The one concept in life to master your responses to unpleasant experiences.
I have taken training in the mindfulness school of thought, and I learnt one principle that can totally change our lives. It is this one: no-one can make you feel anything; only you can. Or, to put it differently: no-one is responsible for your feelings; only you are.
That’s quite a statement. We all are subjected to (sometimes very) unpleasant experiences in our life. And often, we look to external causes for our suffering, rather than (first) taking personal responsibility for it. We think we feel bad because we have been overpowered by people in authority; we may think that someone or something is to blame for our feelings; we may point fingers at the government, the economy, climate change, dictators, bad luck, or whatever else, and claim that those are the cause of our how we now feel.
When we do this, we give the power to make us feel anything away to external factors. We become a ‘victim or circumstance(s)’, which actually feels quite disempowering.
The odd thing is that we, as human beings, are a closed-loop system when it comes to our emotions and feelings. It is common knowledge within the counselling and psychology field that the thoughts we have about situations, the chemical responses in our bodies and the body sensations we feel are working together to create what we call our ‘feelings’. It takes too much to explain this in detail now, but the gist is that we create our feelings inside ourselves. In short: NOTHING can make us ‘feel’ anything at all (in terms of emotions and feelings); it all takes place inside our brain and body; it’s a closed-loop system.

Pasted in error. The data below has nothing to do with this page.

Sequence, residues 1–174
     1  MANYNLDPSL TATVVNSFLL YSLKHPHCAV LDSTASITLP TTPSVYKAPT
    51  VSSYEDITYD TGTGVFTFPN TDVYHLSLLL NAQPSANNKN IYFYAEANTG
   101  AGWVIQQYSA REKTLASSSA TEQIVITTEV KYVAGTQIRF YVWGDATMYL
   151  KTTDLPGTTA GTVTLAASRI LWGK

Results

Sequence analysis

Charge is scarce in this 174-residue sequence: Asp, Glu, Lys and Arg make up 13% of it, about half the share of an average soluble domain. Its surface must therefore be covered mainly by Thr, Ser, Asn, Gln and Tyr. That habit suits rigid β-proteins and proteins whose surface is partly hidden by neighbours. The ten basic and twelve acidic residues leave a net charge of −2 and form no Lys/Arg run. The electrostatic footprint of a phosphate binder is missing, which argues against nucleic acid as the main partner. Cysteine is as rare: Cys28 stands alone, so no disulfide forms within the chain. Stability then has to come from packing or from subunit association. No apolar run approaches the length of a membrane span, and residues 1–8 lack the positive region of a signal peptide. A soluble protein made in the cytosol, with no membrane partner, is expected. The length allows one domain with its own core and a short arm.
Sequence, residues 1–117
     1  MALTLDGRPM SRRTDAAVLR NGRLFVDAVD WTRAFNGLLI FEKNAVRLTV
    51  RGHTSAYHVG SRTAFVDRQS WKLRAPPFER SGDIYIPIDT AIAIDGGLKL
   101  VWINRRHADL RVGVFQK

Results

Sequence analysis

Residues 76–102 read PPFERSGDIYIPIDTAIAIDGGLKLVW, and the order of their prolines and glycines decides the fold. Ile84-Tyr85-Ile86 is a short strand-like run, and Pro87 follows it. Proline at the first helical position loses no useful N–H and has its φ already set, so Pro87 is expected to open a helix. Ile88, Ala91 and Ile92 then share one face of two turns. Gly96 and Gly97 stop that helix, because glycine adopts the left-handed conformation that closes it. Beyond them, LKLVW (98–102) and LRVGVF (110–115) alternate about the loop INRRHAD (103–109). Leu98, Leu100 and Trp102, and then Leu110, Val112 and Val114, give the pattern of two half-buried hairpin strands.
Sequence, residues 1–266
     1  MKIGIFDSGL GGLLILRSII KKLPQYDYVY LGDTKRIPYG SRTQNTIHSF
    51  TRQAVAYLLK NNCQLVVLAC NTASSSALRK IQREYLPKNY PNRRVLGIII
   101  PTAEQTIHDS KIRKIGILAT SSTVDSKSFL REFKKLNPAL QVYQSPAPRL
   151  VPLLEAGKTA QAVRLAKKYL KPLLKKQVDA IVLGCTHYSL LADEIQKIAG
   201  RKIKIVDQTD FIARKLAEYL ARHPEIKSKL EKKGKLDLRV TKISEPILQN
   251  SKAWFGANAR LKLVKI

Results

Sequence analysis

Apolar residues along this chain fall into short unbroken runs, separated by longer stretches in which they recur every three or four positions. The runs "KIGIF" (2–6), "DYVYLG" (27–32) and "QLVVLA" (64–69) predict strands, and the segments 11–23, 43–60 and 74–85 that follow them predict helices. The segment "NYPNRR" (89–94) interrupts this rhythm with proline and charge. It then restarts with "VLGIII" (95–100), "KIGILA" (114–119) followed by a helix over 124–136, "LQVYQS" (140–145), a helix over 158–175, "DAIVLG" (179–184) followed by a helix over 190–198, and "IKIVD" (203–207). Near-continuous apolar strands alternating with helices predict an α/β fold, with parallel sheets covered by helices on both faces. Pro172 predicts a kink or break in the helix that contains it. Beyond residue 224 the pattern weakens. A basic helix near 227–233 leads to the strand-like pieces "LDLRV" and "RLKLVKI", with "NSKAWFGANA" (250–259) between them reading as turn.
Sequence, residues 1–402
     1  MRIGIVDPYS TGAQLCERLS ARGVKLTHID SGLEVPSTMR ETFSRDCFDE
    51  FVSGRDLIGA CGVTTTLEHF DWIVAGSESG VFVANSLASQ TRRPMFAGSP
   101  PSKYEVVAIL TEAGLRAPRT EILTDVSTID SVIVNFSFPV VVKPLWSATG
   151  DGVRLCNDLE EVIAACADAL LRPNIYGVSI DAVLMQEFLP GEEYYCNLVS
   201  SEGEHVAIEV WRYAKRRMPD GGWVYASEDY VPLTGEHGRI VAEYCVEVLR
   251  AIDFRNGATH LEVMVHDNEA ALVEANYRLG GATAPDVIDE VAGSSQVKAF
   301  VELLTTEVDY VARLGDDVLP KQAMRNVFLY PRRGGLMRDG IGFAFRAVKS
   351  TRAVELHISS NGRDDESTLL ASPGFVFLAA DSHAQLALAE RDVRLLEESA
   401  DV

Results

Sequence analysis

If we are able to attribute our ‘negative’ feelings to our internal processes (thoughts, chemical reactions, body sensations, etc.), we can learn to see that we actually have a level of choice. We may be attached to certain expectations that influence our feelings. We may have ideas about what is ‘right’ and ‘wrong’, ‘just’ and ‘unjust’, ‘good’ and ‘bad’ that make us react negatively to certain events. We may have beliefs about how life ‘should be’ or how people should be treated (and treat us), and then react when it turns out in a very different way. There is choice in that, to a very high degree.
Now, don’t take this to an extreme. Obviously, there are plenty of events (certain crimes, trauma, assault, abuse, war, genocide, etc.) that would cause pretty much all of us to experience very negative emotions and feelings. To just say “you caused your own feelings about this” would be a massive insult, in that case. Nevertheless, the principle remains: emotions and feelings are created inside us, not by outside circumstances or people. And this could explain why some people feel totally devasted by traumatic events or other people’s actions, for instance, where other people seem to come out similar events relatively ok.
The concept of taking responsibility for our own emotions and feelings is sometimes called ‘experiential ownership’. Owning your own experiences (body sensations, emotions, feelings), rather than attributing them to external factors, can work very liberating. We can learn to minimise blaming, finger pointing and reacting to what happened with retaliation or revenge. Ideally, we first work with the feelings inside ourselves, before we take action to improve our situation.
I’ll explain a little more how this works in next month’s article. For now, play a bit with this concept. When something bad happens, or someone says something you feel pretty bad about, before you say or do anything else in reaction, take a step back on yourself and think: I have now caused myself to feel angry/sad/frustrated/overwhelmed/stressed, etc. How would I now like to respond in a way that helps both me and the situation/the other person?
Realise it’s your ideas, your thoughts, your beliefs and convictions that filter and interpret everything that happens and everything people say. You therefore also have the power to choose your response to these events and people (and don’t have to react instantly). Perhaps anger IS the right response. Perhaps being sad is entirely justified. Nevertheless, build in that little ‘choice-point’ before you react by blaming, retaliating, or by withdrawing and isolating. Choose your response mindfully; it may make a big difference in the result.